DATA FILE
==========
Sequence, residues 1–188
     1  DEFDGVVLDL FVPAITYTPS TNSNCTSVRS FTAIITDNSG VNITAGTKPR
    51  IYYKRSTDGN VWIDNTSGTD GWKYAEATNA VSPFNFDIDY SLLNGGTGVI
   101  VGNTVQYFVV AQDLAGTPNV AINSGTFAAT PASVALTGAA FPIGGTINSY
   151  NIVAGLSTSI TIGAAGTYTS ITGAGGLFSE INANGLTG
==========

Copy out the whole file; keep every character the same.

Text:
Sequence, residues 1–188
     1  DEFDGVVLDL FVPAITYTPS TNSNCTSVRS FTAIITDNSG VNITAGTKPR
    51  IYYKRSTDGN VWIDNTSGTD GWKYAEATNA VSPFNFDIDY SLLNGGTGVI
   101  VGNTVQYFVV AQDLAGTPNV AINSGTFAAT PASVALTGAA FPIGGTINSY
   151  NIVAGLSTSI TIGAAGTYTS ITGAGGLFSE INANGLTG